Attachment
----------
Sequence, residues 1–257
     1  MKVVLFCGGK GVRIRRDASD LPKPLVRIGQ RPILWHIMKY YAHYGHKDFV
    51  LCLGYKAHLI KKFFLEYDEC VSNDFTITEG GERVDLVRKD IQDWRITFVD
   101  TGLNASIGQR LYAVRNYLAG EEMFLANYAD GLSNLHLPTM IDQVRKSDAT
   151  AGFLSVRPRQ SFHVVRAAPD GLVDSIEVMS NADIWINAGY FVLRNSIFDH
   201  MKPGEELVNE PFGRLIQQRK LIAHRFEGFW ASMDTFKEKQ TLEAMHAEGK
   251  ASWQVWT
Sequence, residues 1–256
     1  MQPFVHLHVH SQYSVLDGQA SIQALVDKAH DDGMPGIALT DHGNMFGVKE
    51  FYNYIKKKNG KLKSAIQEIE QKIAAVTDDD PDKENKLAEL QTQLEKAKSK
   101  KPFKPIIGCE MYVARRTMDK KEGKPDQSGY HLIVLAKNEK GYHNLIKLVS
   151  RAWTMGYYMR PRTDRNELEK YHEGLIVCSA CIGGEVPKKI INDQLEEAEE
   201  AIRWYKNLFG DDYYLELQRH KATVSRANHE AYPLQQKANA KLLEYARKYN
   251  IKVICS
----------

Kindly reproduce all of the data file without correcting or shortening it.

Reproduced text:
Sequence, residues 1–257
     1  MKVVLFCGGK GVRIRRDASD LPKPLVRIGQ RPILWHIMKY YAHYGHKDFV
    51  LCLGYKAHLI KKFFLEYDEC VSNDFTITEG GERVDLVRKD IQDWRITFVD
   101  TGLNASIGQR LYAVRNYLAG EEMFLANYAD GLSNLHLPTM IDQVRKSDAT
   151  AGFLSVRPRQ SFHVVRAAPD GLVDSIEVMS NADIWINAGY FVLRNSIFDH
   201  MKPGEELVNE PFGRLIQQRK LIAHRFEGFW ASMDTFKEKQ TLEAMHAEGK
   251  ASWQVWT
Sequence, residues 1–256
     1  MQPFVHLHVH SQYSVLDGQA SIQALVDKAH DDGMPGIALT DHGNMFGVKE
    51  FYNYIKKKNG KLKSAIQEIE QKIAAVTDDD PDKENKLAEL QTQLEKAKSK
   101  KPFKPIIGCE MYVARRTMDK KEGKPDQSGY HLIVLAKNEK GYHNLIKLVS
   151  RAWTMGYYMR PRTDRNELEK YHEGLIVCSA CIGGEVPKKI INDQLEEAEE
   201  AIRWYKNLFG DDYYLELQRH KATVSRANHE AYPLQQKANA KLLEYARKYN
   251  IKVICS